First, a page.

1. Developmental Biology
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Glycosylphosphatidylinositol biosynthesis and remodeling are required for neural tube closure, heart development, and cranial neural crest cell survival

  1. Marshall Lukacs
  2. Tia Roberts
  3. Praneet Chatuverdi
  4. Rolf W Stottmann  Is a corresponding author
  1. Cincinnati Children's Hospital Medical Center, United States
Research Article
  • Cited 5
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Cite this article as: eLife 2019;8:e45248 doi: 10.7554/eLife.45248


The glycosylphosphatidylinositol (GPI) anchor attaches nearly 150 proteins to the cell membrane. Patients with pathogenic variants in GPI biosynthesis genes develop diverse phenotypes including seizures, dysmorphic facial features and cleft palate through an unknown mechanism. We identified a novel mouse mutant (cleft lip/palate, edema and exencephaly; Clpex) with a hypo-morphic mutation in Post-Glycophosphatidylinositol Attachment to Proteins-2 (Pgap2), a component of the GPI biosynthesis pathway. The Clpex mutation decreases surface GPI expression. Surprisingly, Pgap2 showed tissue specific expression with enrichment in the brain and face. We found the Clpex phenotype is due to apoptosis of neural crest cells (NCCs) and the cranial neuroepithelium. We showed folinic acid supplementation in utero can partially rescue the cleft lip phenotype. Finally, we generated a novel mouse model of NCC-specific total GPI deficiency. These mutants developed median cleft lip and palate demonstrating a previously undocumented cell autonomous role for GPI biosynthesis in NCC development.

Data availability

Sequencing data have been submitted to GEO (Clpex exome seq: GSE131920 and RNA-Seq: GSE131919)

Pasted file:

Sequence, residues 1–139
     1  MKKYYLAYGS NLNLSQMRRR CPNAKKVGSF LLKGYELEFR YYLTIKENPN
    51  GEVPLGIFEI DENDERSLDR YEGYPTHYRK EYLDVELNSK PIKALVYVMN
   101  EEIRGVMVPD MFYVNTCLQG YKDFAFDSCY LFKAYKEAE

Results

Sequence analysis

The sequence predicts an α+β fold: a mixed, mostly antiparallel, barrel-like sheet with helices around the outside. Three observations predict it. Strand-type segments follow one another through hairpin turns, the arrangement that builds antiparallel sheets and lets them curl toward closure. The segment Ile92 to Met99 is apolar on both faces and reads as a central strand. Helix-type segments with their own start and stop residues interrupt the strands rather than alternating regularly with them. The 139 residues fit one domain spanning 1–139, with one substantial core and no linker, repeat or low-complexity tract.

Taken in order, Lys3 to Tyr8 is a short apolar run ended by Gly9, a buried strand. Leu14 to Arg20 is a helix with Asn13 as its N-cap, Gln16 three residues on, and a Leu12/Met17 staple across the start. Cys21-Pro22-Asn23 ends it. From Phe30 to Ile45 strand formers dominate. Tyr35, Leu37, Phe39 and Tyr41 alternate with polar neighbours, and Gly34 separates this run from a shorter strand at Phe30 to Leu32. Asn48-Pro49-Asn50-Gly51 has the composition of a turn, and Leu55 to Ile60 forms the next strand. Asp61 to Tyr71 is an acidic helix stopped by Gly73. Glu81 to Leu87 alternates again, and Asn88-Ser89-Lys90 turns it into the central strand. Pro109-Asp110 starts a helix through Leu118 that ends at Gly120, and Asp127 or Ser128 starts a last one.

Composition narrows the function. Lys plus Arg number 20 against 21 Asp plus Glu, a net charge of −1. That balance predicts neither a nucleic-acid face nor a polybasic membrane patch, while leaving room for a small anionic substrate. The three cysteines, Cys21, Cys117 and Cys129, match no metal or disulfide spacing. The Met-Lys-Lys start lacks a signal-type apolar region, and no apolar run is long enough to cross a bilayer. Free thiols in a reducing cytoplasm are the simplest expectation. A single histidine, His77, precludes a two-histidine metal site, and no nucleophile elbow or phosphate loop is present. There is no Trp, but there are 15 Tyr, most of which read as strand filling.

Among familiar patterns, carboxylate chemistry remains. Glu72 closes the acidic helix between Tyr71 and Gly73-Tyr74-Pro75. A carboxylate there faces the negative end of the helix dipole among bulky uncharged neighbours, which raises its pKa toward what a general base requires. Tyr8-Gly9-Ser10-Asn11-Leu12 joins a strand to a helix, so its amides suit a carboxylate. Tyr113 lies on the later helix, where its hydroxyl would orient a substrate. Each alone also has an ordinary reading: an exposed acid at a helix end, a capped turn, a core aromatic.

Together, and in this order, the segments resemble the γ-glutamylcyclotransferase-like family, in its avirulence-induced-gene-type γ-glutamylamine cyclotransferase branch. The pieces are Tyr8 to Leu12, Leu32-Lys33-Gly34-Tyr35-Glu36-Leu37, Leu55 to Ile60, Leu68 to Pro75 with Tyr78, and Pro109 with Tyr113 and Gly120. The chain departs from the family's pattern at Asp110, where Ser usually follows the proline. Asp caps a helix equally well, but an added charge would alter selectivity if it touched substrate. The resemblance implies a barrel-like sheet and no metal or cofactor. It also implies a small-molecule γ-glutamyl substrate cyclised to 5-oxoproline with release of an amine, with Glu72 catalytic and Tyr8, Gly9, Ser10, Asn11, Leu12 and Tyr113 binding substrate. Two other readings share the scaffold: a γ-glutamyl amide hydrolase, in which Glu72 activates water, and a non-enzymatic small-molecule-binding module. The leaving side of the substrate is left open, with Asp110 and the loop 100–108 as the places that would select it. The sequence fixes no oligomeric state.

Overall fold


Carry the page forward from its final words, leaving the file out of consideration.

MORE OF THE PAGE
The following data sets were generated

Article and author information

Author details

  1. Marshall Lukacs

    Division of Human Genetics, Cincinnati Children's Hospital Medical Center, Cincinnati, United States
    Competing interests
    The authors declare that no competing interests exist.
  2. Tia Roberts

    Division of Human Genetics, Cincinnati Children's Hospital Medical Center, Cincinnati, United States
    Competing interests
    The authors declare that no competing interests exist.
  3. Praneet Chatuverdi

    Division of Developmental Biology, Cincinnati Children's Hospital Medical Center, Cincinnati, United States
    Competing interests
    The authors declare that no competing interests exist.
  4. Rolf W Stottmann

    Division of Human Genetics, Cincinnati Children's Hospital Medical Center, Cincinnati, United States
    For correspondence
    Competing interests
    The authors declare that no competing interests exist.
    ORCID icon "This ORCID iD identifies the author of this article:" 0000-0003-4512-6806


National Institute of Neurological Disorders and Stroke (R01NS085023)

  • Rolf W Stottmann

American Cleft Palate - Craniofacial Association

  • Marshall Lukacs

The funders had no role in study design, data collection and interpretation, or the decision to submit the work for publication.


Animal experimentation: This study was performed in strict accordance with the recommendations in the Guide for the Care and Use of Laboratory Animals of the National Institutes of Health. All of the animals were handled according to approved institutional animal care and use committee (IACUC) protocol #2016-0098 of the Cincinnati Children's Hospital Medical Center. All euthanasia was performed after isoflourane sedation, and every effort was made to minimize suffering.

Reviewing Editor

  1. Joseph G Gleeson, Howard Hughes Medical Institute, The Rockefeller University, United States

Publication history

  1. Received: January 16, 2019
  2. Accepted: June 5, 2019
  3. Accepted Manuscript published: June 24, 2019 (version 1)
  4. Version of Record published: July 5, 2019 (version 2)


© 2019, Lukacs et al.

This article is distributed under the terms of the Creative Commons Attribution License permitting unrestricted use and redistribution provided that the original author and source are credited.


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